People have yelled death threats outside the house of the woman who killed a 15-year-boy in a hit-and-run crash as politicians today accepted a petition to appeal against her sentence.
Nathan Kraatskow died when a learner driver, Rouxle Le Roux, hit him at an Albany intersection on May 18.
Le Roux, 19, had drunk wine and smoked cannabis earlier in the day before the Mercedes she was driving crashed into Kraatskow when he crossed an intersection riding a small bike.
The 15-year-old died at the scene. Le Roux and her two passengers failed to stop.
On Friday, Le Roux was sentenced in the Auckland District Court to 11 months' home detention and 250 hours of community work for dangerous driving causing death.
On Saturday, Kraatskow's mother Charlene Kraatskow started a petition questioning the New Zealand justice system and calling on prosecutors to appeal Le Roux's sentence and seek a harsher penalty.
The petition had received over 143,000 signatures, and was presented to representatives of both National and Labour on the steps of Parliament today.
Le Roux's lawyer Belinda Sellars, QC, said the public backlash had been "frightening" for her client.
"On Saturday night she had people outside her house, screaming that they want to kill her. She has been too afraid too sleep. It has been really frightening for her."
Sellars said they were also really concerned a lot of what was being posted on social media was "wrong".
"People don't have the full story. From her perspective, people are getting really wound up about this, and they don't know the truth."
Sellars said while she accepted her client was speeding, Kraatskow had gone through a red light.
While Le Roux did not stop, the way it had been "painted that she ploughed through someone", was not right, Sellars said.
"It is true she didn't stop, but she slowed down. It wasn't her car, she had an older driver, the owner, beside her. He and another boy in the back of the car started shouting at her, 'Don't stop, don't pull over, you can't pull over here'.
"She drove on but was overcome as she thought she hit something. She stopped the car and the others took over. She was incredibly upset."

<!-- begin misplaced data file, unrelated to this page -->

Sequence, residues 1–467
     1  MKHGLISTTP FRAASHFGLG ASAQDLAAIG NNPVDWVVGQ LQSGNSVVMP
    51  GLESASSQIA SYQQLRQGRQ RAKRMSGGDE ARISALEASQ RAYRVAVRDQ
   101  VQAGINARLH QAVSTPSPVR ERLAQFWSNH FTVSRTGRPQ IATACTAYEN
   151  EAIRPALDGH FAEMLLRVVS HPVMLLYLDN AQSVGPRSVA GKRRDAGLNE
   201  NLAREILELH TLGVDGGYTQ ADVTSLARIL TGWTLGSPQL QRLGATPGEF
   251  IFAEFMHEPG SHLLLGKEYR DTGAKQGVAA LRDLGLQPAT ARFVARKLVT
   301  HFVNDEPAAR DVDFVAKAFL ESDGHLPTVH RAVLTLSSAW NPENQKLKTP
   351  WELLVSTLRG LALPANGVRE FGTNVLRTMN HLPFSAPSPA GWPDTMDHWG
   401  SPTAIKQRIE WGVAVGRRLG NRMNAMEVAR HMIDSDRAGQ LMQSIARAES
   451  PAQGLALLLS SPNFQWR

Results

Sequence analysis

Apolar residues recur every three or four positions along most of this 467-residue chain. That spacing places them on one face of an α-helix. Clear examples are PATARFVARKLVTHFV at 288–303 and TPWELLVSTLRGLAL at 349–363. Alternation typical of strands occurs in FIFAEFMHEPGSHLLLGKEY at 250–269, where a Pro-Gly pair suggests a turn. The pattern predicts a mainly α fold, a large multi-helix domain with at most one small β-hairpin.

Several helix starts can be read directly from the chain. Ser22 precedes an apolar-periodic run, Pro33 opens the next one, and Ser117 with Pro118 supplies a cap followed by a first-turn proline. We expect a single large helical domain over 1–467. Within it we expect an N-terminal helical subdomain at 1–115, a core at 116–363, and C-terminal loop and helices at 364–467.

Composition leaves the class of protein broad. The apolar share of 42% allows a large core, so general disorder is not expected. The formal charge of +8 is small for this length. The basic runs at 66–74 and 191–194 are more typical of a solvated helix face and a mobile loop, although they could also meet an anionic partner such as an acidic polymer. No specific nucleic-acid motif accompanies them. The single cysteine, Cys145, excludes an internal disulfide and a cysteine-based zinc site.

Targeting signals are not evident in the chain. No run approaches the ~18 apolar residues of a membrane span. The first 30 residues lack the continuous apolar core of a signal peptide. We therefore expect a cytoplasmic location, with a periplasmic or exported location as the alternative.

Le Roux had consumed "some wine and cannabis earlier in the evening", but there was no suggestion she was highly intoxicated or "out of her head", Sellars said.
"This is not one of those cases, that are all too common with dangerous driving, where a young person has been drinking all day with their mates, has been driving too fast, and people telling them to slow down. That was not the case here."
Sellars said the speculation that Le Roux was from a "privileged" background was also wrong.
"Nothing could be further from the truth. She has had a very difficult upbringing."
Sellars said home detention was a "tough sentence".
"Home detention is a tough sentence and particularly tough to a young person. At the moment she has just been at home, too terrified to do anything.
"She will absolutely learn from this. She has said this is an awful situation, and what she has already learned is she needs to make sure she does not waste her life, makes the most of what is available to her, shows she is a good person and contributes to society."
Regarding the petition for the Crown to appeal the sentence, Sellars said she was confident Crown Law would do what it needed to look at the case and applicable law, and compare it with other cases.
Opposition leader Simon Bridges was joined by National MPs Mark Mitchell and Erica Stanford, as well as Labour's Duncan Webb and Marja Lubeck, in accepting the petition on the steps of Parliament today.
Nathan's father, Orion Kraatskow, said the support the petition had received was "far beyond what we had expected".
The aim of the petition was to get the Crown to appeal Le Roux's sentence.
"After Nathan's death, we felt sorry for Le Roux, but her behaviour since she has been charged has been disrespectful and shows a lack of remorse," Orion said today, adding that she had "made a mockery of the justice system".
National's justice spokesman Mark Mitchell said the size of the petition showed the depth of feeling in New Zealand in regards to this issue.
Webb said he had been asked by Prime Minister Jacinda Ardern to accept the petition on behalf of Labour.
He said the petition was the right thing to do, as it brought the issue to the attention of Parliament.
Charlene Kraatskow said she felt humbled an honoured by the steps everyone has taken to support the family.
"When we started the petition, we thought if we get 10,000 signatures that would be amazing – we got that in two hours."
She said she wanted to see the sentence appealed and for the justice system as a whole to be looked at, to make sure people aren't given lighter sentences in the future.
"The precedence [of this sentence] for teenaged kids is that you can go out, you can drink you can smoke and get behind the steering wheel of a car and kill someone and then they get 11 months at home – I just don't think that's right."
The petition will be tabled in Parliament.